Fiio FH1s review – a whole lot of fun

Fiio FH1s

Fiio FH1s

Tested at $69



Fit and Comfort







  • Exciting and sparkly presentation
  • Weighty and punchy bass-line
  • Spacious sound


  • Can sound sibilant
  • Mid-range lacks some body

Fiio FH1s is the latest entry in Fiio’s rich in-ear portfolio, here to carry the torch instead of the older FH1 model. With the price of 69$, it hits that sweet spot of being affordable, yet managing to offer some interesting technical solutions. Without making this review longer than necessary, let’s dive right into it.


FH1s is mostly made out of plastic but it feels sturdy and lightweight. What’s more important is what’s inside of it. To start with a dynamic driver, it is an unusually large 13.6 mm bio-polymer diaphragm. The size of it alone suggests decent bass output, but there’s yet another driver working along it to create higher frequencies. Knowles 33518 balanced armature driver is located closer to the ear, firing through a brass sound tube. Put together, these drivers create a 26 Ohm impedance while offering a sensitivity of 106 dB/mW.

I didn’t have any problems fitting these in my ears, and I also didn’t find them to be overly fussy about the choice of ear-tips. The factory provided worked just fine for me, but I’ve tried another set of aftermarket silicone tips and a pair of foam ones too. All of these provided a very good fit as well as fairly similar sonic results. The cable itself is of a decent quality too. It is prone to tangling a bit, but on a positive side – it’s not microphonic.

Now we got that out of the way let’s dig into the sound quality talks.


The first thing I noticed is that Fiio FH1s is tuned to sound attractive and fun. That starts with the weighty and punchy bass-line that is giving a solid base to any of your tunes. In absolute terms, it might be a bit emphasized but it never feels too prominent due to very good control. Weight and attack go hand in hand to create one of the most enjoying bass-lines I’ve heard from any in-ear model.

Moving up the frequency range, slightly recessed lower midrange is noticeable. At least it feels like that next to a prominent higher midrange. This means that FH1s are not neutral sounding and they have that slight V-shaped tuning. That works well for many types of music, creating an elevated presence with sparkly, sharp sounding notes and edges. Tone texture is also brought up quite nicely.

Unfortunately, there’s a downside to this approach too. First of all, vocals lack a little bit of their natural body and things can sometimes sound overly sharp. Listening to some vocals, especially the female ones, can bring up snake-like sounding sss, hhh, etc. The effect was easily observable in Charlotte Cardin’s “Like It Doesn’t Hurt” for example.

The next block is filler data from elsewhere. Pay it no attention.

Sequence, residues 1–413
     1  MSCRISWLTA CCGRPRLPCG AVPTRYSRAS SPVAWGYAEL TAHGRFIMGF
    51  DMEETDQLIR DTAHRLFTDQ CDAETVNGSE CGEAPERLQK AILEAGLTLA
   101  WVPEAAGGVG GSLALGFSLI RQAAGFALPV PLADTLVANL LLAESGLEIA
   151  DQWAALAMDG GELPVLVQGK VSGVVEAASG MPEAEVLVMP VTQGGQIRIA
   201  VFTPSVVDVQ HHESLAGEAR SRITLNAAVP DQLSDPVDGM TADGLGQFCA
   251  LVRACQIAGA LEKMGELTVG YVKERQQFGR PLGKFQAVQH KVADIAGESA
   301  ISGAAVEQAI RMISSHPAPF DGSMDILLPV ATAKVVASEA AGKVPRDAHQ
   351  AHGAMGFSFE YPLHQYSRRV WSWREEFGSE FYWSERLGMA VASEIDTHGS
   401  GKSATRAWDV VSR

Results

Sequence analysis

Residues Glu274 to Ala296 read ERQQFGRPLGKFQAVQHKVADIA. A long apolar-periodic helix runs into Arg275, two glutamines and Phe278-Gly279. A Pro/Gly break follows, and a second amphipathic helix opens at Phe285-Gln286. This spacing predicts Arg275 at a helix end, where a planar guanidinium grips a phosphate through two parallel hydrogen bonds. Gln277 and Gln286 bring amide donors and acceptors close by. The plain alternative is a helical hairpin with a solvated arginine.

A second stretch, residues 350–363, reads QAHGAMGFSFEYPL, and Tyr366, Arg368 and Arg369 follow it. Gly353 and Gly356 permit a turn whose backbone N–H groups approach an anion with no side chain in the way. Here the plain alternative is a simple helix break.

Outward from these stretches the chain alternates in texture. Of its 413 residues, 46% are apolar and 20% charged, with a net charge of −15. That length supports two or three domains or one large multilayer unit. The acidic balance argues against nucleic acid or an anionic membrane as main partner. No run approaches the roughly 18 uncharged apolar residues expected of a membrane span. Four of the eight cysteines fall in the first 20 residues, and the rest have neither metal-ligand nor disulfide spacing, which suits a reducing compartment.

Other than that, FH1s is capable of creating as wide sound-stage as I’ve ever heard from an in-ear model. There’s a real sense of space and separation that makes even busy tracks a joy to listen to.


Tin Audio T3 – is equally capable in terms of soundstage width, layering, and separation. They even share similar sibilance I don’t appreciate. But the big difference is in the bass region that T3 sourly lacks while FH1s offers in healthy amounts. This makes all the difference, helping FH1s to sound much weightier, funkier, and more exciting… while T3 is just sterile in comparison. Tin Audio T2 is a much better-balanced earphone than T3, but it still lacks some bass grunt and it’s not as spacious sounding as FH1s.

BLON BL-03 – puts a bigger emphasis on the bass region, sounding even meatier. It’s also not as bright and sharp sounding in the upper region which makes for a somewhat L-shaped sound signature. FH1s again leads in terms of spaciousness.

Moondrop Starfield – has a carefully tuned sound signature that is maybe not as exciting at first. However, it offers a more neutral approach with more realistic vocals and tone color that I prefer on a longer run.


Due to their sharp and edgy character Fiio FH1s match better with warmer and softer sounding sources. I got a very good result pairing them with Fiio K5 pro. Their overall character was still there, but not as pronounced as with HIDIZS Sonata HD that doesn’t help in taming FH1s’ aggressive top end.

In a few attempts of EQ-ing that edginess out of them, I didn’t really get good results. Problematic vocals kept sounding sibilant even after lowering the 5-10 kHz region by a few dB. Eventually, I killed the sparkle and liveliness of FH1s before I managed to mitigate the problem. It made me realize that you should either accept this edginess as a part of their character or opt for another model altogether.


I felt that Fiio FH1s is a fun and exciting listen. The punchy bass, sharp and edgy character made it so. That said, these are not completely neutral nor tame, and it takes a bit of care with pairing to get the best result out of them.


Divers: 13.6 mm dynamic + balanced armature Knowles 33518
Frequency range: 5 Hz – 40 kHz
Sensitivity: 106 dB/mW
Impedance: 26 Ω
Cable: 1.2 m, detachable with 2-pin connectors, single-crystalline copper
Weight: 21 g (each earbud ~ 4.3 g)
Official page

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